How an adventure format thrived despite the pandemic

Survivor (Sweden)

You might have assumed that lockdowns and travel restrictions would have put an abrupt halt to adventure format commissions, yet veteran show Survivor is in the midst of its most successful year ever. TBI hears from Banijay’s Lucas Green and Julia Dick on how the show has thrived.

Survivor is a cornerstone of the Banijay format library, produced in nearly 50 territories since its launch in 1997. An ambitious production that delivers risk-free, big, bold, high-value, tentpole viewing, it is celebrating its most successful year-to-date with 22 productions confirmed so far.

Julia Dick on the Turkish set of Survivor

As with all our productions, we have strict Covid protocols in place. Typically, we send large crews to far-flung locations with multi-leg international travel, so the potential impact of the last 12 months on our productions could have been huge.

Adapting Survivor

However, we have pivoted to take these changes in our stride. We have been able to maximise on the expertise across the group to come up with creative solutions which enabled us to keep the show on-air and even deliver an incremental rise in global productions.

Location is such an integral element of the format, with the remote backdrop synonymous with the Survivor brand. When global travel restrictions prevented us from using many of our go-to locations, we were able to quickly adapt by turning to domestic alternatives in some of our productions, such as in one of our longest-running series in Sweden, which was shot in Haparanda; the upcoming South African version shooting on the wild coast of the country; and the eighth Australian season shot in an outback location.

Survivor (Australia)

This approach of course changed the traditional, tropical look and feel of these series, but with the core format elements still very much a part of the show, audience reactions have been extremely positive, and the Swedish version launched this year with its best ratings in three years.

Corridors & cruise ships

Led by Julia Dick, with her 20 years of producing Survivor, we have built up a very strong network of communities around the world.

Establishing trust with local governments and authorities allowed us to travel to and film in regions from the Philippines to Honduras that may otherwise not have been possible.

Our long-standing relationships in the latter meant the local community and hotel staff were happy to come onboard to create a Covid-safe bubble for the Italian and Spanish versions. On the ground, most are incredibly welcoming to our presence, especially as we bring employment to areas at a time when so much has been lost through lack of tourism in the last year.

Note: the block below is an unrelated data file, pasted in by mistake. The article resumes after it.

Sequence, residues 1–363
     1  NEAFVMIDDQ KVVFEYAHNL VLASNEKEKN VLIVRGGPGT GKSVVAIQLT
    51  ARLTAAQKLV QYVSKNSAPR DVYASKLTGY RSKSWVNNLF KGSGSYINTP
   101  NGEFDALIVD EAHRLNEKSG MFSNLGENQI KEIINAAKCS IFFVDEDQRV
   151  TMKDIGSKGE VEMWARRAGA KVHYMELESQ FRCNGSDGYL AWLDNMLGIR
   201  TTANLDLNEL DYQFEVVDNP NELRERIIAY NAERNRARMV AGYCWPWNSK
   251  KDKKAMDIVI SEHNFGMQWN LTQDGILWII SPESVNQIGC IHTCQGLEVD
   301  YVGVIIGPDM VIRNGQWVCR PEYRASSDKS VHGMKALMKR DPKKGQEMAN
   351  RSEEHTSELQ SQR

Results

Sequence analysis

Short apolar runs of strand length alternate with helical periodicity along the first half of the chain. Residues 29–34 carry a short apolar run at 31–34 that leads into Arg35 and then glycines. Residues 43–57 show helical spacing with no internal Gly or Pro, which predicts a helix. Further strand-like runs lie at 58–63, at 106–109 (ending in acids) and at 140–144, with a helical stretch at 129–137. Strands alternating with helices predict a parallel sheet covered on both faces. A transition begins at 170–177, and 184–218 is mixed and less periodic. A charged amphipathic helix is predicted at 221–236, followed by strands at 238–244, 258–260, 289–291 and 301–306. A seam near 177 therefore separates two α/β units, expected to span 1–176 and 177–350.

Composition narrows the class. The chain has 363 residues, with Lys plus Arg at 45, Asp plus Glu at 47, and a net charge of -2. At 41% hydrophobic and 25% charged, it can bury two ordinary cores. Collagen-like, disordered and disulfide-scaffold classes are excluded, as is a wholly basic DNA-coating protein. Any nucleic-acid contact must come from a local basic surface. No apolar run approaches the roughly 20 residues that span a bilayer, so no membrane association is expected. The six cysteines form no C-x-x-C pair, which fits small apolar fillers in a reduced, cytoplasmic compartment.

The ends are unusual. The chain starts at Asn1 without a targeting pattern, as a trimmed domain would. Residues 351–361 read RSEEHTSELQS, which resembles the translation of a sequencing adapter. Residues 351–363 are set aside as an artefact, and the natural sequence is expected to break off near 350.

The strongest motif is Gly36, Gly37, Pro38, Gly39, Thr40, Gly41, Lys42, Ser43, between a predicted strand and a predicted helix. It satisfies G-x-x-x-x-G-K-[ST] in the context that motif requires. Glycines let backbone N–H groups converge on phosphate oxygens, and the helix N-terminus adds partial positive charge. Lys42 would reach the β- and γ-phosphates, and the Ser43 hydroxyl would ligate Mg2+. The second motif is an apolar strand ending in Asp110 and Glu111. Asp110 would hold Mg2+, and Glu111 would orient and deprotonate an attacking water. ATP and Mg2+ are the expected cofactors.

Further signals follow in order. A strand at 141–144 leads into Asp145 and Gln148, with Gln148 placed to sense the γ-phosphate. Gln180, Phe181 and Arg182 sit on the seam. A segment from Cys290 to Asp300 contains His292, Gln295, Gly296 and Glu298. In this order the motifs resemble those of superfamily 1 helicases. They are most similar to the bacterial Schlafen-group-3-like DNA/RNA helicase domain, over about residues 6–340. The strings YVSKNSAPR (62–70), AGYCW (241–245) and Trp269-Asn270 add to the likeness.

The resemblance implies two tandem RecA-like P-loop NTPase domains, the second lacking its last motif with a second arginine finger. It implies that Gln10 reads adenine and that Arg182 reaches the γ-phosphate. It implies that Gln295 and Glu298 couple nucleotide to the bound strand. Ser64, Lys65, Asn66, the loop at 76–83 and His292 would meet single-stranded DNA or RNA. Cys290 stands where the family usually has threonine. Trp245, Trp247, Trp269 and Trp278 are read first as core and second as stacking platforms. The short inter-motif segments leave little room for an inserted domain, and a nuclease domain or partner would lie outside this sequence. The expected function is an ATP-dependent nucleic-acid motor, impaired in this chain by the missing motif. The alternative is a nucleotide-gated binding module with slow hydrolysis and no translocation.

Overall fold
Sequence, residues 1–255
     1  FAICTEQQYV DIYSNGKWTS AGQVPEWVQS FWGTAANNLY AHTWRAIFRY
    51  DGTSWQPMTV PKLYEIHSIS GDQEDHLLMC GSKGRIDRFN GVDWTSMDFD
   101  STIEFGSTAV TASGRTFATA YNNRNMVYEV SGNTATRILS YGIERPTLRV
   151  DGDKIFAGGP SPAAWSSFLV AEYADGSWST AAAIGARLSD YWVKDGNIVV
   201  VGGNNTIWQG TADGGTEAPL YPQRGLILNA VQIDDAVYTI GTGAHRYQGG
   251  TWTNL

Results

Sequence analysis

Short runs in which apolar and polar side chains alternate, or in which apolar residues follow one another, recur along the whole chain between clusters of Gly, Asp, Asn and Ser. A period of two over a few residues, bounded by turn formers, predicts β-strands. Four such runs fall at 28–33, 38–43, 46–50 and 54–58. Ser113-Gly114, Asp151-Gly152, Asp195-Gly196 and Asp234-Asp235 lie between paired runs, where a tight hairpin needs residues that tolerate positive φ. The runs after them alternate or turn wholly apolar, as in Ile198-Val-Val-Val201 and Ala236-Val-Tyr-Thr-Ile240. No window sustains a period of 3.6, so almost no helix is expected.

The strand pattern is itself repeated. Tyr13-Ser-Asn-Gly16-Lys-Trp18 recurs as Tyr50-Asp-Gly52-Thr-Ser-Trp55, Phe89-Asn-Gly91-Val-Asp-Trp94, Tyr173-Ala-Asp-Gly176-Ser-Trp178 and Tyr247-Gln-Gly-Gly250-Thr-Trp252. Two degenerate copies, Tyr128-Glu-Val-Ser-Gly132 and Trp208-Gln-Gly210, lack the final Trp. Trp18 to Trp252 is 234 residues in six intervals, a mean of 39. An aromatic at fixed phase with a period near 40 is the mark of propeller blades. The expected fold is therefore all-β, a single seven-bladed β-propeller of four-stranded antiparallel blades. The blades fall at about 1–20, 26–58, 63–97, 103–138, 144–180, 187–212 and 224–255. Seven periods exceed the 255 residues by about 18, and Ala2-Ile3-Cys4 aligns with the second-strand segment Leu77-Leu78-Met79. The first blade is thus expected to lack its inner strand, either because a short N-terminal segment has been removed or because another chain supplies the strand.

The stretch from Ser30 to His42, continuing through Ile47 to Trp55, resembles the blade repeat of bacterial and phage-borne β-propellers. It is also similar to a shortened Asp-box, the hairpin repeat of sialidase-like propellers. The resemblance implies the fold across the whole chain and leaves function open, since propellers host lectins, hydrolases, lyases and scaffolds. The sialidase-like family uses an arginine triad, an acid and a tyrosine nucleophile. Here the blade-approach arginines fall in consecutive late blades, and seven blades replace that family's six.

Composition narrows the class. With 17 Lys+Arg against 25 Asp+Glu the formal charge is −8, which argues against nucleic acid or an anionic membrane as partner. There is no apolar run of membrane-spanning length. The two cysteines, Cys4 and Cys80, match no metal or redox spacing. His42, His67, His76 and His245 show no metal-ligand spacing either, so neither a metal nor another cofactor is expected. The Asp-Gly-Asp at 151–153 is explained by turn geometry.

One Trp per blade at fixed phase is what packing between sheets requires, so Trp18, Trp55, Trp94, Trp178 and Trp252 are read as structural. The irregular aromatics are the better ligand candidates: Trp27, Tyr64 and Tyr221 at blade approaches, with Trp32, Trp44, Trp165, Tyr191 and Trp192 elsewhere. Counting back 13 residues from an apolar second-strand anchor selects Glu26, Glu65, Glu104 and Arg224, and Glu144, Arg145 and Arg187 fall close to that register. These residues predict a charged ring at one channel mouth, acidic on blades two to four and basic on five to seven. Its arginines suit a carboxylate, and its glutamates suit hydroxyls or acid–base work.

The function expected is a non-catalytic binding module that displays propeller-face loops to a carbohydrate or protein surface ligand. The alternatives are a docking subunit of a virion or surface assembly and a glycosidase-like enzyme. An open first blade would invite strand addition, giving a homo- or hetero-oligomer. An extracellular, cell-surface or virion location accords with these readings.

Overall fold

We also used travel corridors to allow us to continue filming in remote, exotic settings, such as an amazing new location in French Polynesia that we used for the very first time, and the Russian version which we filmed in Zanzibar, Tanzania.

Survivor (Mexico)

Of course, new locations, particularly ones so remote, come with a new host of challenges that we had to navigate. One location for instance had no accommodation for our crew, so we used a cruise ship as a base, which ended up being perfect for establishing a secure bubble.

Escapism & opportunity

The global TV industry has faced unprecedented hurdles when it comes to producing shows, and scripted has taken a significant hit due to filming restrictions in place globally, so demand from buyers for non-scripted content is at an all-time high, which we, as a predominantly unscripted powerhouse, are capitalising on.

The escapism that the show offers in the current climate, coupled with its reliable success, makes it very appealing. Broadcasters want a big show, and in a world where commissioning is based more and more on data, Survivor adds up.

A survival strategy format at heart, with strong gameshow attributes, the title’s strength is that it offers a visual feast for audiences with diverse cast and characters, fascinating social gameplay, dramatic reality, action packed challenges, and nail-biting tribal councils.

The format structure is flexible and scalable, including the classic model, stripped, live, and challenge versions, meaning we can adapt depending on the needs of the broadcaster. Survivor is an ambitious production, but we are thrifty with the budgets like it’s our own money – we allow broadcasters to take editorial risks whilst minimising the financial ones.

So, what’s next for Survivor as we move into the second half of its most successful year-to-date?

Long-running versions such as the US show, which has been on-air since 2000, continue to go from strength-to-strength, with huge efforts made to enable production of the 41st season. We are seeing renewed interest from markets that have previously aired the format – Globo recently relaunched the show in Brazil after a 12-year hiatus – as well as some exciting adaptations for new territories in the pipeline.

Survivor has never been stronger. We are already back in some of our favourite tropical locations, but our experience during the pandemic, coupled with the growth of Banijay’s global footprint, has now equipped us with an even wider set of creative solutions and a whole host of new opportunities for 2021, 2022 and beyond.

Lucas Green is global head of content operations at Banijay, and Julia Dick is consultant executive producer for Survivor.

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